Prosecutors sometimes voluntarily offer diversion to defendants who are clearly eligible under a community’s guidelines. Defense counsel may also suggest diversion to prosecutors, sometimes even before formal charges are filed.
The Right to Own a Gun Under Heller
How far does the Supreme Court’s ruling on an individual’s right to own a gun under Heller go?
In District of Columbia v. Heller, 54 U.S. ___ (2008), the U.S. Supreme Court ruled that the U.S. Constitution protects an individual’s right to own a gun for personal use. Yet despite the Court’s clear ruling that people may keep a loaded handgun at home for self-defense, Heller allows for certain restrictions to gun ownership. The ruling leaves many uncertainties as to which types of gun control laws will be allowed to stand and which will be ruled unconstitutional.
What Heller Says
The Heller case involved a challenge to the District of Columbia’s ban on handguns. For the first time in nearly 70 years, the U.S. Supreme Court ruled on the meaning of the Second Amendment to the U.S. Constitution as it relates to gun control laws.
The Second Amendment provides that “A well-regulated militia, being necessary to the security of a free state, the right of the people to keep and bear arms, shall not be infringed.”
For many years, scholars and anti-gun proponents have argued that the Second Amendment provides “a right to own guns” only in connection with service in a militia, and that this right should not extend to private individuals. That argument was roundly rejected by the Supreme Court. In an opinion authored by Justice Antonin Scalia, the Court held that the right to own a gun is not connected with service in a militia; rather, it is a personal right to own a firearm for “traditionally lawful purposes” such as self-defense within the home.
The bottom line: You have a constitutional right to possess a firearm regardless of whether you are serving in a militia. But just how far that right extends remains up in the air.
How Heller Affects Gun Control Laws
How much the ruling in Heller will affect gun control laws in various cities and states remains to be seen.
The gun control law at issue in the Heller case — a nearly across-the-board gun ban in the District of Columbia — was considered to be the strictest gun-control law in the nation. Because the Supreme Court’s ruling concerned only this strict ban on handguns, the decision leaves unclear whether less-stringent bans in other states and cities will survive constitutional challenges.
And, although the Supreme Court’s decision adopted the broader, individual-rights interpretation of the Second Amendment, the Court also made it clear that the right to own a gun continues to have a number of significant qualifications or restrictions, including:
- Not everyone can own a gun. The right does not extend to felons or the mentally ill.
- Guns cannot be carried everywhere. Laws forbidding individuals from carrying firearms in “sensitive” places, such as schools and government buildings, will probably stand.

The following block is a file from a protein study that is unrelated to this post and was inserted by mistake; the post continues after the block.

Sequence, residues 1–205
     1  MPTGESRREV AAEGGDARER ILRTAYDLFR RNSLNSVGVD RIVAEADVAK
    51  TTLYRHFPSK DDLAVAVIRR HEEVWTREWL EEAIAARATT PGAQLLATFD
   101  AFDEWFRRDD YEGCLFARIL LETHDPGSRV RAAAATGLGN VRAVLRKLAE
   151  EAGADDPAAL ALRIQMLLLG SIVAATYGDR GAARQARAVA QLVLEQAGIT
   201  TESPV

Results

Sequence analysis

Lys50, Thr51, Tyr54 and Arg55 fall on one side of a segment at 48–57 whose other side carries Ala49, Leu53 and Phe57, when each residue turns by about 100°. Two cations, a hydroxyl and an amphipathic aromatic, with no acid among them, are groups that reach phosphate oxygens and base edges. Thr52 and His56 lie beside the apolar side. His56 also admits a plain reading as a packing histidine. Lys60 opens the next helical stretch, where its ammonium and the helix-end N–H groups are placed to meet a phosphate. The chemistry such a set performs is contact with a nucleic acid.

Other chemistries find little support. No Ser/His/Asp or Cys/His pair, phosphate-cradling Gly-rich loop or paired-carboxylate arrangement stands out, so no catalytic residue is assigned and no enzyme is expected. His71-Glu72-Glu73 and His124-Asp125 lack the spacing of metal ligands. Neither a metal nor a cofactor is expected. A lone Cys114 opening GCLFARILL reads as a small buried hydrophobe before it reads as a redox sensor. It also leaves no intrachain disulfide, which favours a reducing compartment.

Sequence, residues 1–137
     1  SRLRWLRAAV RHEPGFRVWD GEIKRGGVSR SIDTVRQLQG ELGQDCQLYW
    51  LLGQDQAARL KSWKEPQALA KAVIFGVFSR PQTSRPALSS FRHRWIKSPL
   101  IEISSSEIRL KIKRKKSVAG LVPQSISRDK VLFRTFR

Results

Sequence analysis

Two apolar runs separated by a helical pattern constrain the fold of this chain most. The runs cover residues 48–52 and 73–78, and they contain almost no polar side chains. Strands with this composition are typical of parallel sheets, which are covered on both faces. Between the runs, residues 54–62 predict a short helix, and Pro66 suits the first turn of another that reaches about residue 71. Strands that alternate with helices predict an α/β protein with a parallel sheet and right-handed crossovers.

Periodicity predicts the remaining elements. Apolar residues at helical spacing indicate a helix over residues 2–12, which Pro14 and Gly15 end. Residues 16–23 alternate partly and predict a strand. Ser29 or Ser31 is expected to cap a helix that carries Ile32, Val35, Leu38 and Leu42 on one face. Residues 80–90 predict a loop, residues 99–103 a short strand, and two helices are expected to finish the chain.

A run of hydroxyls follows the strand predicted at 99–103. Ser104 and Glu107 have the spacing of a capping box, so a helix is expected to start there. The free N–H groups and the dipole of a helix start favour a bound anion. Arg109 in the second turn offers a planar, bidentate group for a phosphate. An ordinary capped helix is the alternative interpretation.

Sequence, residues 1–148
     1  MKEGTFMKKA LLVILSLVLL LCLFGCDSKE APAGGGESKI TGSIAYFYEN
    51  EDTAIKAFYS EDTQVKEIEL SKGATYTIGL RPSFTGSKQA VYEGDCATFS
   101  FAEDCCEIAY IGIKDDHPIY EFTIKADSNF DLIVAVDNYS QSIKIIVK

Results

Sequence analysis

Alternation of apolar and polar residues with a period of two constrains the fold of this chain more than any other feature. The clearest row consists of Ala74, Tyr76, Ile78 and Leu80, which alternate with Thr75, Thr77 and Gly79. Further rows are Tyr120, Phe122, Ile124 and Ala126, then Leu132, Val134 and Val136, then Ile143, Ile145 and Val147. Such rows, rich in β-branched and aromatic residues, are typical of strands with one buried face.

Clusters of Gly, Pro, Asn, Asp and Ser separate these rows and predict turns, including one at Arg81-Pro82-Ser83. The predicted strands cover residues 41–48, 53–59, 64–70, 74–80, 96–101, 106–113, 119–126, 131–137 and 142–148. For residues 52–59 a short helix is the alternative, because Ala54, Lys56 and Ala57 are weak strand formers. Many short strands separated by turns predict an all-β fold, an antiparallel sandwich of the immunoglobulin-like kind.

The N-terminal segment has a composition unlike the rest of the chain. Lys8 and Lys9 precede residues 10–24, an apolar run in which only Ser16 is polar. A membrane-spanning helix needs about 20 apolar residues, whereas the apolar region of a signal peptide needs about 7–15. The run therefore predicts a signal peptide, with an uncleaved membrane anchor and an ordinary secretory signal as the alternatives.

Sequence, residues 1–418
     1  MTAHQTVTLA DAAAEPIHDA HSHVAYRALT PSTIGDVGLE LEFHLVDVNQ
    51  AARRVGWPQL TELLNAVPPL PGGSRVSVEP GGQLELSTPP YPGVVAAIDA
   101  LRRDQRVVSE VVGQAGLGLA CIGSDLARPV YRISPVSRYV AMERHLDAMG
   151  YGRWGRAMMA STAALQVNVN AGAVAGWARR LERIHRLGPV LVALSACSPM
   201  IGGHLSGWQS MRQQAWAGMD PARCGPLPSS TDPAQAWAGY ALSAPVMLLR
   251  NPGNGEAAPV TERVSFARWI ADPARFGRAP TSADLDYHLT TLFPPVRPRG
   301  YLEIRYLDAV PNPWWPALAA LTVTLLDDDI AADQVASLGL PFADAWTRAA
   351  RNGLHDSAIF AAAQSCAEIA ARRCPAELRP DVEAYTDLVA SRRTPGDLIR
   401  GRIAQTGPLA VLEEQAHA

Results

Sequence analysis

- Certain restrictions on the sale of guns are allowed. Laws imposing conditions and qualifications on the commercial sale of firearms will most likely stand.
- Individuals do not have the right to carry certain types of guns. The right does not protect guns that are not generally owned for lawful purposes, such as short-barreled shotguns. Just what kind of handguns may be possessed is not explicitly set forth in the opinion (apart from the one specific reference to sawed-off shotguns, which are not allowed). The Court did endorse the “the historical tradition of prohibiting the carrying of ‘dangerous and unusual weapons,'” but did not state whether such weapons include assault weapons or semi-automatic weapons.
Given this long list of qualifications, it remains unclear how Heller will affect the many different types of gun control laws that exist in cities and states throughout the country.
New Challenges to Gun Control Laws
One thing is for sure: Advocates all over the country will now challenge gun control laws based on the Supreme Court’s ruling in Heller. Within a day of the decision, lawsuits challenging gun control laws had been filed in Chicago and San Francisco, and additional challenges are expected in New York, Philadelphia, Detroit, and countless other cities.
While gun rights advocates like the National Rifle Association hailed the Supreme Court’s decision as a welcome addition to their arsenal in the ongoing war against gun control laws, only time (and future court decisions) will tell whether the Court’s ruling marks the beginning of a comprehensive rollback of gun control restrictions in this country or is merely a symbolic ruling that will ultimately leave most of those laws in effect.
Bail: Getting Out of Jail After an Arrest
Everything you need to know about bail: what it is, how it’s set, and how to pay it.
A person’s first thought upon landing in jail is often how to get out — and fast. The usual way to do this is to “post bail”.